We've unwound the gate quite a bit, so the cost of extra patches in the
merge queue fixing trivial things (like comment spelling) is pretty low.

Honestly, I'd much rather merge functional fixes faster and not go an
extra 2 rounds of typo fixing (assuming the English is decipherable),
and merge typo fixes later.

Also, if we are regularly merging typo fixes in projects, people will
actually fix the issues when they see them. If we -1 people and send
them away, they won't.

        -Sean

On 02/25/2015 04:24 PM, Bernard Van De Walle wrote:
> Jay,
> I can only confirm your point of view.
> I personally landed such a patch yesterday and saw it as an easy way to
> get familiar with Gerrit.
> 
> My goal being to land some more complex patches in the near future.
> 
> Bernard
> 
> On Wed, Feb 25, 2015 at 12:37 PM, Doug Hellmann <d...@doughellmann.com
> <mailto:d...@doughellmann.com>> wrote:
> 
> 
> 
>     On Wed, Feb 25, 2015, at 12:36 PM, Jay Faulkner wrote:
>     >
>     > > On Feb 25, 2015, at 10:26 AM, Ruby Loo <rlooya...@gmail.com 
> <mailto:rlooya...@gmail.com>> wrote:
>     > >
>     > > Hi,
>     > >
>     > > I was wondering what people thought about patches that only fix 
> grammatical issues or misspellings in comments in our code.
>     > >
>     > > I can't believe I'm sending out this email, but as a group, I'd like 
> it if we had  a similar understanding so that we treat all patches in a 
> similar (dare I say it, consistent) manner. I've seen negative votes and 
> positive (approved) votes for similar patches. Right now, I look at such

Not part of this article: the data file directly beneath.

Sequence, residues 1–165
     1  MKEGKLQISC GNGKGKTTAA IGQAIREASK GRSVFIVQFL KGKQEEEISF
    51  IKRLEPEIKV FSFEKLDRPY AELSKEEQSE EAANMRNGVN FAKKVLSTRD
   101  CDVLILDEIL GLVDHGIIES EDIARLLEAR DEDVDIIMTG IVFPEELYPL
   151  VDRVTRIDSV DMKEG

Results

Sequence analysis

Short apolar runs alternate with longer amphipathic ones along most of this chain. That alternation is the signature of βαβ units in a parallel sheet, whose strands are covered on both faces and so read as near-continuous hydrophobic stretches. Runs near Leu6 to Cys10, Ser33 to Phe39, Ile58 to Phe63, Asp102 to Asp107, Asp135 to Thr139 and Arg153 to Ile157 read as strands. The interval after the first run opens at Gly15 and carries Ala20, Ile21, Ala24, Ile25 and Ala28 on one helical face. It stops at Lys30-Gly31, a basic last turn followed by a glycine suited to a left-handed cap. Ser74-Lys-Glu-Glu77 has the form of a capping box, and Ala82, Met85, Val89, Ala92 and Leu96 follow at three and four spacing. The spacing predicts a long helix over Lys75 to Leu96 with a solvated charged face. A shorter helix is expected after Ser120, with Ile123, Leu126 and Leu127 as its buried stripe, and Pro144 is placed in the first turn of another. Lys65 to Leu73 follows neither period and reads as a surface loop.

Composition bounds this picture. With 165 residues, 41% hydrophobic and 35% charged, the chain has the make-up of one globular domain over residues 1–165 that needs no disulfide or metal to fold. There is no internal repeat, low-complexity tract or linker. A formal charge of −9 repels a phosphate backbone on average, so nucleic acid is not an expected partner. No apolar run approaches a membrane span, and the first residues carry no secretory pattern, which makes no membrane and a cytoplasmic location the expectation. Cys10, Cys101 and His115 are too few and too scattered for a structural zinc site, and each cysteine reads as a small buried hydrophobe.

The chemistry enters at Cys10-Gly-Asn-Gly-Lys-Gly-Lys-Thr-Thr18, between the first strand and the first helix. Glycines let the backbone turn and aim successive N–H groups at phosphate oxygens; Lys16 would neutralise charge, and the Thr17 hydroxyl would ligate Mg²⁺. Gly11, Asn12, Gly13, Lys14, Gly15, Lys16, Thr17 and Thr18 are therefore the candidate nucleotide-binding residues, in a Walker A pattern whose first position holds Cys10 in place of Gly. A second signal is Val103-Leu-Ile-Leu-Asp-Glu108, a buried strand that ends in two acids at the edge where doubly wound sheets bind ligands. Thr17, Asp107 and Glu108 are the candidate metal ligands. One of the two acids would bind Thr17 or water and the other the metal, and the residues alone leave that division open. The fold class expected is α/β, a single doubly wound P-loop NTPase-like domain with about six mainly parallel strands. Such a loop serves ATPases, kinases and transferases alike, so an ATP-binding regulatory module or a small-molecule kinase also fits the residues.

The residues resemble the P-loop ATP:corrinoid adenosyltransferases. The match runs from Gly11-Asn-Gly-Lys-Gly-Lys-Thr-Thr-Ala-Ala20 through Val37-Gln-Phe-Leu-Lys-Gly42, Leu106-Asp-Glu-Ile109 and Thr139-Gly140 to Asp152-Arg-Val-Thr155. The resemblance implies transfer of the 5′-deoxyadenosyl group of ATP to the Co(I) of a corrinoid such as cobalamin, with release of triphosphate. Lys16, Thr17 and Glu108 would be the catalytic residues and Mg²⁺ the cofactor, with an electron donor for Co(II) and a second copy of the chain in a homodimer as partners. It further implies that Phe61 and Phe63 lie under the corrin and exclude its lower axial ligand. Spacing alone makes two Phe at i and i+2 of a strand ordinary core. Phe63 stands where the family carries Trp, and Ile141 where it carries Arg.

> submitted patches and ignore them, because I don't know what the fairest 
> thing is. I don't feel right that a patch that was previously submitted gets 
> a -2, whereas another patch gets a +A.
>     > >
>     > > To be clear, I think that anything that is user-facing like (log, 
> exception) messages or our documentation should be cleaned up. (And yes, I am 
> fine using British or American English or a mix here.)
>     > >
>     > > What I'm wondering about are the fixes to docstrings and inline 
> comments that aren't externally visible.
>     > >
>     > > On one hand, It is great that someone submits a patch so maybe we 
> should approve it, so as not to discourage the submitter. On the other hand, 
> how useful are such submissions. It has already been suggested (and maybe 
> discussed to death) that we should approve patches if there are only nits. 
> These grammatical and misspellings fall under nits. If we are explicitly 
> saying that it is OK to merge these nits, then why fix them later, unless 
> they are part of a patch that does more than only address those nits?
>     > >
>     > > I realize that it would take me less time to approve the patches than 
> to write this email, but I wanted to know what the community thought. Some 
> rule-of-thumb would be helpful to me.
>     > >
>     >
>     > I personally always ask this question: does it make the software better?
>     > IMO fixing some of these grammatical issues can. I don’t think we should
>     > actively encourage such patches, but if someone already did the work, 
> why
>     > should we run them away? Many folks use patches like this to help them
>     > learn the process for contributing to OpenStack and I’d hate to run them
>     > away.
>     >
>     > These changes tend to bubble up because they’re an easy way to get
>     > involved. The time it takes to review and merge them in is an investment
>     > in that person’s future interest in contributing to OpenStack, or
>     > possibly open source in general.
> 
>     +1
> 
>     We need to keep this sort of thing in mind. If the patch is fairly
>     trivial, it's also fairly trivial to review. If it is going to cause a
>     more complex patch to need to be rebased, suggest that the proposer
>     rebase their patch on top of the complex patch to avoid problems later
>     -- that's teaching another lesson, so everyone benefits.
> 
>     Doug
> 
>     >
>     > -Jay
>     >
>     >
>     > > Thoughts?
>     > >
>     > > --ruby
>     > >
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-- 
Sean Dague
http://dague.net

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